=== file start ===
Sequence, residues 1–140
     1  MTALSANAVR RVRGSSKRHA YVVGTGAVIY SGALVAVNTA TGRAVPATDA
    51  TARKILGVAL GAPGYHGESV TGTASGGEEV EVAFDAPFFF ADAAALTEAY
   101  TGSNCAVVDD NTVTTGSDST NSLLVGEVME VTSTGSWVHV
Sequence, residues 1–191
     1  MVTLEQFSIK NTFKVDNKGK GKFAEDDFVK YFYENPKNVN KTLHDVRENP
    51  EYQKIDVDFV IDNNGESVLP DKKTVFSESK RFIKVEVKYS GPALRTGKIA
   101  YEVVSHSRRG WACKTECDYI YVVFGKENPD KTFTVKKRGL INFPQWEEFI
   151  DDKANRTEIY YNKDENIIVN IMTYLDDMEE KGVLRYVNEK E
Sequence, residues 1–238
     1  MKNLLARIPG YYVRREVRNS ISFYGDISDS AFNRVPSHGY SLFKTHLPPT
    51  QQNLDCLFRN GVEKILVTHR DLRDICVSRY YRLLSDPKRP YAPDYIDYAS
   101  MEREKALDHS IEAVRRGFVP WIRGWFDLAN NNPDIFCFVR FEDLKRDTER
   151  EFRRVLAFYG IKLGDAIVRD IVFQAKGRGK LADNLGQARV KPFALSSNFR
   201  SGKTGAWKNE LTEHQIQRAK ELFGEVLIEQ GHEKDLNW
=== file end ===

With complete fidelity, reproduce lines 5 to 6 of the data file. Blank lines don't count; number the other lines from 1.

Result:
Sequence, residues 1–191
     1  MVTLEQFSIK NTFKVDNKGK GKFAEDDFVK YFYENPKNVN KTLHDVRENP